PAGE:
Kids of all ages will learn better if there is variety in the lesson.  If they get to use kickboards, pool noodles, and other flotation devices once in a while this will be beneficial.  Using these items helps to improve stroke technique, keeps them interested, and will leave them wanting to come back for more.  Not all community pools will allow their use, so check on that before taking yours along.

boy-swimming-with-kick-board

 

Make swimming enjoyable

Building up confidence in the water is vital so that kids are not afraid of the water and want to swim. As your little swimmer progresses in ability and confidence, you may want to think about enrolling in swimming clubs where a range of swimming and social opportunities will be offered.

Set rules

Make sure that your children know how to stay safe near a swimming pool.  They must always ask for permission to go in a pool and must have adult supervision during this time.  Rules such as not running by a pool are really important to follow. Use life vests or floaties for young kids when they are not actually practicing their swimming strokes, but do not rely on the floaties for safety. For young kids and those who are not strong swimmers, life vests should be worn for activities such as river floating or when in lake water.  If swimming in the ocean, be conscious of the tide and possible currents.  Where possible try to swim in a lifeguard supervised zone.

river-float-with-kid

 

Even when your child has become a good swimmer, it is possible to get into difficulties in the water.  Always ensure that children are supervised to minimize risk and ensure that you are all able to enjoy a fun and safe vacation.

Learning to swim is not a luxury, it is a necessity! Being able to swim is such an important skill to have.  Swimming provides fantastic exercise for able-bodied children and those with physical challenges and is an activity that can be continued throughout their lives.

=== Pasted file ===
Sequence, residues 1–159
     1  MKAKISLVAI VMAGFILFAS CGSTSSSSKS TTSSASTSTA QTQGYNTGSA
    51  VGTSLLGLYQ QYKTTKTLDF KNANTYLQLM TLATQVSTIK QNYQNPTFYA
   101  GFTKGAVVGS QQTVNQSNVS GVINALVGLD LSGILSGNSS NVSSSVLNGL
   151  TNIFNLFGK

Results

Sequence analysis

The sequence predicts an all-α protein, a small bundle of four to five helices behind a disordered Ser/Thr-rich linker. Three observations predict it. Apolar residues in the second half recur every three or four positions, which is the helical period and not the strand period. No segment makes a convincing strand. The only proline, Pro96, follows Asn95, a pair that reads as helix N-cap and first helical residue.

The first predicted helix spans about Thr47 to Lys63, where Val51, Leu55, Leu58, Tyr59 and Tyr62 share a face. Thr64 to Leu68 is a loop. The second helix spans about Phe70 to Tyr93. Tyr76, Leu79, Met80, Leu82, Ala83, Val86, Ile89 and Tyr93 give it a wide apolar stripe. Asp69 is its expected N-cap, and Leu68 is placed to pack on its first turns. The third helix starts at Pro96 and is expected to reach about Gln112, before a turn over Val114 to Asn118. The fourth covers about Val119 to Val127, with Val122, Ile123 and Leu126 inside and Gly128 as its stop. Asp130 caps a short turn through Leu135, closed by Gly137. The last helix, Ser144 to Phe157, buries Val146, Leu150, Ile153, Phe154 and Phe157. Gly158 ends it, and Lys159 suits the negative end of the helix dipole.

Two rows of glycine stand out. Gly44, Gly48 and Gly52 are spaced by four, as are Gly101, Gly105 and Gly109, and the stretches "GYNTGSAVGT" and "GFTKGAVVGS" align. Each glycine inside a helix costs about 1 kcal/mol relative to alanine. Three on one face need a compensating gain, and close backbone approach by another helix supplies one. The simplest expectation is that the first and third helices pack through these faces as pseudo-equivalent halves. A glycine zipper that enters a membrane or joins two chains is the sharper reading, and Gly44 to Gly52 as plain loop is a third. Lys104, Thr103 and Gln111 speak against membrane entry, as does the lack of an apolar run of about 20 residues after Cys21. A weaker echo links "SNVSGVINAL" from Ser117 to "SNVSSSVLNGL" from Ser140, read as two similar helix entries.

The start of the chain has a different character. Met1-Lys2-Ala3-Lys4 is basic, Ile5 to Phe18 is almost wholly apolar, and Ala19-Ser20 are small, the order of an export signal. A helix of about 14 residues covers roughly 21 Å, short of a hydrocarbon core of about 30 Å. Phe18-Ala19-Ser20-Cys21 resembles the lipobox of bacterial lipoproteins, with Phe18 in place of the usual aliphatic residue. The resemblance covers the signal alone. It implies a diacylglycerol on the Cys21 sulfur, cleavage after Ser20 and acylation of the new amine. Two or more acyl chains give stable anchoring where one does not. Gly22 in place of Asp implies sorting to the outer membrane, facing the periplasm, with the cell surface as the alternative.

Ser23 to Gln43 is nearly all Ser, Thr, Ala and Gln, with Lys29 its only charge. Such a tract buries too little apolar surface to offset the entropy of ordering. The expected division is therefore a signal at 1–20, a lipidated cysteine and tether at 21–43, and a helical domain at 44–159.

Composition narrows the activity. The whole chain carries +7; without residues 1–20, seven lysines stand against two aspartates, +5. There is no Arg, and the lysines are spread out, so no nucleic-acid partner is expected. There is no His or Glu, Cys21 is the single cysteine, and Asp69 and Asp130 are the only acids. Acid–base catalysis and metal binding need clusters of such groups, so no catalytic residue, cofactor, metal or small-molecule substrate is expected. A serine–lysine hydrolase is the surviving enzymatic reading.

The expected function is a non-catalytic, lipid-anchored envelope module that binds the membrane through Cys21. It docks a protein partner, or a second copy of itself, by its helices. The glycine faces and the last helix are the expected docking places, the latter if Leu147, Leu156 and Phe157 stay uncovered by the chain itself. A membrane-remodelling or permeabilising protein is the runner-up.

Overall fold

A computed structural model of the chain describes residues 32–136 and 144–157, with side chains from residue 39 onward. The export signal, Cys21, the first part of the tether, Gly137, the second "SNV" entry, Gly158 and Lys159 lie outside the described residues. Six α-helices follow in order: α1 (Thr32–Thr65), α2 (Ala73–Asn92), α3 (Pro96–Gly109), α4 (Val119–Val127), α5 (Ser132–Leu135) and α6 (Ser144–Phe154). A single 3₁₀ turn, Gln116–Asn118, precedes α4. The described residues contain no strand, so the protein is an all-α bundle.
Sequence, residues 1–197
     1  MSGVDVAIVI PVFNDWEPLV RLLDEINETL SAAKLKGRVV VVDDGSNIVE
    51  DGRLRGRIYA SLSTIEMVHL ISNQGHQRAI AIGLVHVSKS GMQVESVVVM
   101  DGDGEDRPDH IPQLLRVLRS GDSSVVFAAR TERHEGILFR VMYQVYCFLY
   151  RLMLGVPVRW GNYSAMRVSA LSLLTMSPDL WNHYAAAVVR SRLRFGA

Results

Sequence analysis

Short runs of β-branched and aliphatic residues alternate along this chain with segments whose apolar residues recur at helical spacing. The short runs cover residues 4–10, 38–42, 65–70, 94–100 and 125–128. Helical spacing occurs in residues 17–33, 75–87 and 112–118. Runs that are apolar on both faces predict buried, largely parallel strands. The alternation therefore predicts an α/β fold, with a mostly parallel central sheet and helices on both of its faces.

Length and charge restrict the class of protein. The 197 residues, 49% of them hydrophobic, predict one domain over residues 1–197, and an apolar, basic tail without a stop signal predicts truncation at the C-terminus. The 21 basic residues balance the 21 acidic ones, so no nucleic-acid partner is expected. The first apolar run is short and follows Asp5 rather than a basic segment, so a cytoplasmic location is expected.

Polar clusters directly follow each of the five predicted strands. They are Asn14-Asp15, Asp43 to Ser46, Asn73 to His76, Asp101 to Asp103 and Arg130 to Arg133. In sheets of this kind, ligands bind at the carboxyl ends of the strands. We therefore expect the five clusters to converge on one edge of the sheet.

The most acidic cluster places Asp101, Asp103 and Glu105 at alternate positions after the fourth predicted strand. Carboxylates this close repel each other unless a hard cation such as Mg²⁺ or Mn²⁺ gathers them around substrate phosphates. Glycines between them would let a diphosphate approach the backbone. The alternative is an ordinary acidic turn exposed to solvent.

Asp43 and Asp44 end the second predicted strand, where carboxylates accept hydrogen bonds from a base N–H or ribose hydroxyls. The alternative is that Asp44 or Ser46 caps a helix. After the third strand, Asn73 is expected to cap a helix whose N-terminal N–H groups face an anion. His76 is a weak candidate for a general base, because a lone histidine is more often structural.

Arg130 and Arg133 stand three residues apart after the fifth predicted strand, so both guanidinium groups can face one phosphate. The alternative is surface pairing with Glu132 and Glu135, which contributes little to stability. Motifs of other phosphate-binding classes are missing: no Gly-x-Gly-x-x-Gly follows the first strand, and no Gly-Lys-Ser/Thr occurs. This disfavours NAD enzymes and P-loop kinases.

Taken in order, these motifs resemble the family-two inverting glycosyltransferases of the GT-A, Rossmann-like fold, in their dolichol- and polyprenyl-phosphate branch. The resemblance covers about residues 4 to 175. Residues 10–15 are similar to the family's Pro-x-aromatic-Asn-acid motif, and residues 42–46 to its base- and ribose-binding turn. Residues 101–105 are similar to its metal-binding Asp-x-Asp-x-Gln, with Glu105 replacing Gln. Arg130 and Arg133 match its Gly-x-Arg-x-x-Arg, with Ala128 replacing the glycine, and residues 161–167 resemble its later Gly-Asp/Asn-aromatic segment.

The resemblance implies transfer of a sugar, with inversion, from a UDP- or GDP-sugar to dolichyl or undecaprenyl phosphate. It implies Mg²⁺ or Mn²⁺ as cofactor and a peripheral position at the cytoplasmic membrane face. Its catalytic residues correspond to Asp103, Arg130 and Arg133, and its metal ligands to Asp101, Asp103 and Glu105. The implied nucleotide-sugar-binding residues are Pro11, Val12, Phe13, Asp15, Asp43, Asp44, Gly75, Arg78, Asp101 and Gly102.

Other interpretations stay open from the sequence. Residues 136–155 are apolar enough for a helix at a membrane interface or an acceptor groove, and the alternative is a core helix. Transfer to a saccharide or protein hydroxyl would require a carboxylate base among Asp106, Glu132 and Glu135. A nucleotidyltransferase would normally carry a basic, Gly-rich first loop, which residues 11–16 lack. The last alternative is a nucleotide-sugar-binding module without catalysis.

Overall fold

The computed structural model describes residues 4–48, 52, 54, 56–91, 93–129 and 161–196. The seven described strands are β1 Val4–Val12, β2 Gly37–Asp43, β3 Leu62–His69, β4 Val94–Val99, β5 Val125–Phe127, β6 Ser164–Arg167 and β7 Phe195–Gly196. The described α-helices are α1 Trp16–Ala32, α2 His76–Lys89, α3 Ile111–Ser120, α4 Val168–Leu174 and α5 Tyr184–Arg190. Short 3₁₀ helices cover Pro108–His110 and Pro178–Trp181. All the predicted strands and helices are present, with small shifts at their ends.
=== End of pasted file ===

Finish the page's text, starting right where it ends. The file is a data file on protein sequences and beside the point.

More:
Some of my happiest and most memorable times have taken place around water with my children. What experiences have you had? We’d love to hear about them.

 

ENJOYING THE PET BARRIER BLOG ARTICLES?  WHY NOT FOLLOW US ON TWITTER AND FACEBOOK? WE’D LOVE TO HAVE YOUR COMPANY!

Advertisements

Why Distracted Driving is Driving me to Distraction

“You can never have too many…” have been the words to start many quotes over the decades, from a variety of people ranging from authors to actors.  Most of these quotes are completed with words such as “friends,” “shoes,” or “books.” At Pet Barrier, I say, “You can never have too many reminders about distracted driving.”  Regular blog followers may remember a couple of posts on distracted driving in 2016 and you may be asking why, with all the subjects that I could be writing about, I am covering the topic of distracted driving yet again.  The answer is simple and sobering. Distracted driving is now considered to be at epidemic levels in the US.1